In a valley notorious for gunky air, how do you weave transit, biking, carpooling and other air-saving measures into residents’ everyday lives? One approach is a challenge like the Salt Lake Chamber’s Clear the Air Challenge, with some participating teams offering incentives and prizes to encourage trip-saving behavior. But how do you sustain people’s use of alternatives to single-occupancy vehicles once the challenge is over?
It may be that internal motivators, instead of external motivators, create long-lasting behavior change, say University of Utah postdoctoral scholar Robert G. Kent de Grey and psychologist Carol Werner in a paper published in Transportation Research Part A. People who make alternative transit fun, interesting or productive are more likely to continue that transit mode long-term. The results, the authors say, may inform how future challenges are structured.
“Whatever you do, you need to catalyze the creation of intrinsic interest if you want results to last beyond the scope of the challenge itself,” Kent de Grey says.
Kate Lohnes, formerly of the Salt Lake City Department of Sustainability and the Environment, was also a co-author of the study.
Incentivizing environmental change
For four weeks in February 2018, people all over the Salt Lake Valley biked, rode and carpooled as part of the Clear the Air Challenge (previous years’ challenges were held in the summer). Since the annual challenge began in 2009, participants have eliminated nearly a million single-occupancy vehicle car trips and saved nearly 5,000 tons of carbon dioxide emissions.
The U’s Sustainability Office offered prizes, including a dinner with campus leaders, to top participants. But if such external, or extrinsic, motivators draw people into the challenge, will participants keep using transit once the challenge is over and the prizes are gone?
That’s the question Kent de Grey and Werner sought to answer. Once extrinsic motivators stop, Kent de Grey says, there’s a high likelihood that the behaviors supported by those extrinsic motivators will stop too. Intrinsic motivations, or those that come from our values, may be more durable.
“There’s a growing idea that intrinsic motivation is what builds durable attitudes that resist persuasion and that can lead to lasting behavior change,” Kent de Grey says. “Unless you find value or interest in something, or have that conviction that it’s the right thing to do, eventually people will get tired of doing it.”
To assess the psychological underpinnings of participants’ activity in clean air challenges, Kent de Grey and Werner surveyed 197 participants in the 2012 Clear the Air Challenge and assigned them randomly to receive one of three interventions, experiences designed to influence behavior. The three interventions invited participants to ponder and express, in different ways, their reasons for joining the challenge. “The more you think about it and mull it over and convince yourself that you really want to do this, then you’re more likely to maintain the behavior,” Werner says.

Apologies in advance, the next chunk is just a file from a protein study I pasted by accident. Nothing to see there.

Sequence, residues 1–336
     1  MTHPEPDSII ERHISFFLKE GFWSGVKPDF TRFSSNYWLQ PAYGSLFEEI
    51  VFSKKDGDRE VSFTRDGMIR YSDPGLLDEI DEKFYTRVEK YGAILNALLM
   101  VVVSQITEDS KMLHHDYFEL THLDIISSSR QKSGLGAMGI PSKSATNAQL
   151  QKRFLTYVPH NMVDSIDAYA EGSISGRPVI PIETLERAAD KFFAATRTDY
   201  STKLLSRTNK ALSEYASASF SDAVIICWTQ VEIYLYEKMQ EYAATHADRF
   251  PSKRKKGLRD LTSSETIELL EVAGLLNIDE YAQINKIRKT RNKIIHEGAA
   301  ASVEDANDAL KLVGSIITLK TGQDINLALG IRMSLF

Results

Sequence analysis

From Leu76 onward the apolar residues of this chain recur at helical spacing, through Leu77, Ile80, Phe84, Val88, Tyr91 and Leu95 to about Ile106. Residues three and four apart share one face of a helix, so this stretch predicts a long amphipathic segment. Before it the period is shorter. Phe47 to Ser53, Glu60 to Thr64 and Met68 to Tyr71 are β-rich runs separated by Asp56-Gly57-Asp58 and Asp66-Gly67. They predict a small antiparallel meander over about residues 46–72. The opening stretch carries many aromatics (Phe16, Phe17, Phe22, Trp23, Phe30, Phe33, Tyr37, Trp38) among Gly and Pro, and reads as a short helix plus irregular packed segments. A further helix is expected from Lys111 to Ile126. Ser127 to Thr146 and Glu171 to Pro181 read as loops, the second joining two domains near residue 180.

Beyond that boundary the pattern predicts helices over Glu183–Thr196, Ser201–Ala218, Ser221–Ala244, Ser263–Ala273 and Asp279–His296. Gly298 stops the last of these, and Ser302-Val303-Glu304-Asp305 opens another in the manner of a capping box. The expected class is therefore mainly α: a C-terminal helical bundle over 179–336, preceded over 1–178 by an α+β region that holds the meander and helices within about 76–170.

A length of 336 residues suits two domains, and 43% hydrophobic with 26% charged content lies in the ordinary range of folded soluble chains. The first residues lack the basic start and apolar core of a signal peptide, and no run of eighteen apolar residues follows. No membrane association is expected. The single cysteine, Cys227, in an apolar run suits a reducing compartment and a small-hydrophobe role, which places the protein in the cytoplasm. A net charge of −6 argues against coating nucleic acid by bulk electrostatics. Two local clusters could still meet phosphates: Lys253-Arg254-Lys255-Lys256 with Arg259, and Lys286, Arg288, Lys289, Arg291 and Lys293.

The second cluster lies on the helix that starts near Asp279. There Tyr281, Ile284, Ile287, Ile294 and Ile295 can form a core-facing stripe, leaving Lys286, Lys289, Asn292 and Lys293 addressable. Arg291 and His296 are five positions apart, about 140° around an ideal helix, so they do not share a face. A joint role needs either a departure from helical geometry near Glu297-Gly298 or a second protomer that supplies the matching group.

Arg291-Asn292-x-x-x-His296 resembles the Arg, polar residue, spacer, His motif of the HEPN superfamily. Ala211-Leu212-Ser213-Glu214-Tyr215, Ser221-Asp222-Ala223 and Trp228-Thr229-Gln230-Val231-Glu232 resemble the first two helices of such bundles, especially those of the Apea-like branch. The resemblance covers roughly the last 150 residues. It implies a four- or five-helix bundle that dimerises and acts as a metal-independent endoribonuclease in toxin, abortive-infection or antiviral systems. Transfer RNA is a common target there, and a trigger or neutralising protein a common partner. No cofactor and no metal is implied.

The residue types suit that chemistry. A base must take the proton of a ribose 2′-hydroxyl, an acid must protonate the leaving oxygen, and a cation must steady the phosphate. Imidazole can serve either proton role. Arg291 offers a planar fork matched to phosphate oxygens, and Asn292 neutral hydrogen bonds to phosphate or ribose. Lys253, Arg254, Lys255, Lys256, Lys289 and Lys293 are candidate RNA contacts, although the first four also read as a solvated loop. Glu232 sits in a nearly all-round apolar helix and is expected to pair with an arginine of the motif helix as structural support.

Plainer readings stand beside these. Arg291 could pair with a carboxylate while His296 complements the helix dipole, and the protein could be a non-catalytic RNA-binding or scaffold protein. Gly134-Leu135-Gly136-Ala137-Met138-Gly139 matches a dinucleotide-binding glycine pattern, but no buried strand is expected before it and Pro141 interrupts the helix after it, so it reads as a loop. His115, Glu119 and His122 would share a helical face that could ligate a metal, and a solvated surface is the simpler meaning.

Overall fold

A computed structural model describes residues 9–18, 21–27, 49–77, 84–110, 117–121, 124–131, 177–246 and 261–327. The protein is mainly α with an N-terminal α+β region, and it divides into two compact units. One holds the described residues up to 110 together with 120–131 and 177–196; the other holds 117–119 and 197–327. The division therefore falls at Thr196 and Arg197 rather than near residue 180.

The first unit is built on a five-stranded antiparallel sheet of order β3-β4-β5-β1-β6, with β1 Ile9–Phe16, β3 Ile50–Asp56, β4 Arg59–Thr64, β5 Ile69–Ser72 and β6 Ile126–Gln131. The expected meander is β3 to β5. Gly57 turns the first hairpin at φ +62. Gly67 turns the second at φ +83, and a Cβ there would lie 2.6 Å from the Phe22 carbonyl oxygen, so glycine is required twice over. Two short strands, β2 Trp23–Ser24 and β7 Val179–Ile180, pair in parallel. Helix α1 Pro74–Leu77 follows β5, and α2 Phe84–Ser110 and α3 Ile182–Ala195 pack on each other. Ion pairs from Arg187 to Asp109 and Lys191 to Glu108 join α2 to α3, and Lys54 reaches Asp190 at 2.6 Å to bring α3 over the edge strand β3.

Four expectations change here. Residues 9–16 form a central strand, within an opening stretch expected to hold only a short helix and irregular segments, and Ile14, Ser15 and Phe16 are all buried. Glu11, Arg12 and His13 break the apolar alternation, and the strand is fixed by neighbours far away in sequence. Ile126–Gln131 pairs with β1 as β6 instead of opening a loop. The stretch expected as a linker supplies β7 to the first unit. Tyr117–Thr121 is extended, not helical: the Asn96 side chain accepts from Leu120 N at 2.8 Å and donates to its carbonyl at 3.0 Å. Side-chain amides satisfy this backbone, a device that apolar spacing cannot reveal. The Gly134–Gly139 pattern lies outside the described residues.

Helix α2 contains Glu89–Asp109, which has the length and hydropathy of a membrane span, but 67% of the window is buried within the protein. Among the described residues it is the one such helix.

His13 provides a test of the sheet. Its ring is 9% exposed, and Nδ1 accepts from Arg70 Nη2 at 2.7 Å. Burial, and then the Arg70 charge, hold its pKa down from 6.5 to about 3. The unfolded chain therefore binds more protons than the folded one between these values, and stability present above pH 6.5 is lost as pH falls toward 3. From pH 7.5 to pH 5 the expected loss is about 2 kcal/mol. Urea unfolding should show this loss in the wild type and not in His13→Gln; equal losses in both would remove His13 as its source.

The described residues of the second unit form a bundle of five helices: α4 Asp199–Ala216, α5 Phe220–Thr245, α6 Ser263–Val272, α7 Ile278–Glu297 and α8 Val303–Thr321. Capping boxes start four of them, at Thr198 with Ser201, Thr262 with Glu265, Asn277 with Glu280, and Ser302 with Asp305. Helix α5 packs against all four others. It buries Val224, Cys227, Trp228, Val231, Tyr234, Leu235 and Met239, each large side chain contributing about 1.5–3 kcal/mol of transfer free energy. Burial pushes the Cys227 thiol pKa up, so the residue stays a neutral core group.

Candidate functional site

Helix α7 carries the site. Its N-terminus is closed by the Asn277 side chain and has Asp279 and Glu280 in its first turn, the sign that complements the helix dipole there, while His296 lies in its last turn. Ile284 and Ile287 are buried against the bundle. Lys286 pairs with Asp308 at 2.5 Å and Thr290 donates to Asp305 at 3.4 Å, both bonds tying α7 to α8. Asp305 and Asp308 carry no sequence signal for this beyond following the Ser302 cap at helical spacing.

Kent de Grey reports that participants in all three interventions completed the challenge at about the same rates. But they also assessed participants’ continued attitudes about alternative transit two months after the challenge ended—and at that point, people’s attitudes toward transit were correlated to their ability to create their own intrinsic interest in the activity—to make walking, riding, biking, carpooling or telecommuting productive, interesting and fun.
“You can maybe pick just about any intervention you want,” Kent de Grey says. “But the magic that is hiding behind each of these intervention strategies appears to be that harnessing of intrinsic motivation.”
“An aid to walking”
Amy Brunvand, an associate librarian at the U’s J. Willard Marriott Library, wrote a 2016 essay explaining how she finds intrinsic motivation for riding the bus to work. “It’s a mistake to think of a bus as kind of a large inconvenient car that doesn’t go when or where you want,” Brunvand writes. “The best way to think about bus riding is as an aid to walking.”
Brunvand says she has been a bus rider “since I was too young to drive”, and views walking to the bus stop as a way to become more connected to her neighborhood. “I look at that time as an opportunity to not be at work,” she says. “The time is what’s valuable to me—the time when I don’t have something on the schedule. That’s time to think.”
Kent de Grey and Werner view Brunvand as an example of harnessing intrinsic motivation. “She’s going to take the bus for the rest of her life,” Kent de Grey says.
Helping get the ball rolling
Another result arising from Kent de Grey and Werner’s work was a disincentive to continuing transit use: strong employer pressure to join the Clear the Air Challenge. “Forcing people to do these challenges may be counterproductive,” Kent de Grey says. “Those are really good intentions on the part of the bosses, but good intentions aren’t enough. You have to have good results as well.”
The researchers are next hoping to study the best ways to create intrinsic interest, including the relative effectiveness of hearing pro-environmental and pro-transit messages from either friends or the university sustainability office.
“You get people to a point where they are determined to succeed,” Werner says.
Kent de Grey adds: “There’s magic in what the commuters can do once the ball gets rolling.”
The 2019 Clear the Air Challenge begins February 1.
Find the full study here.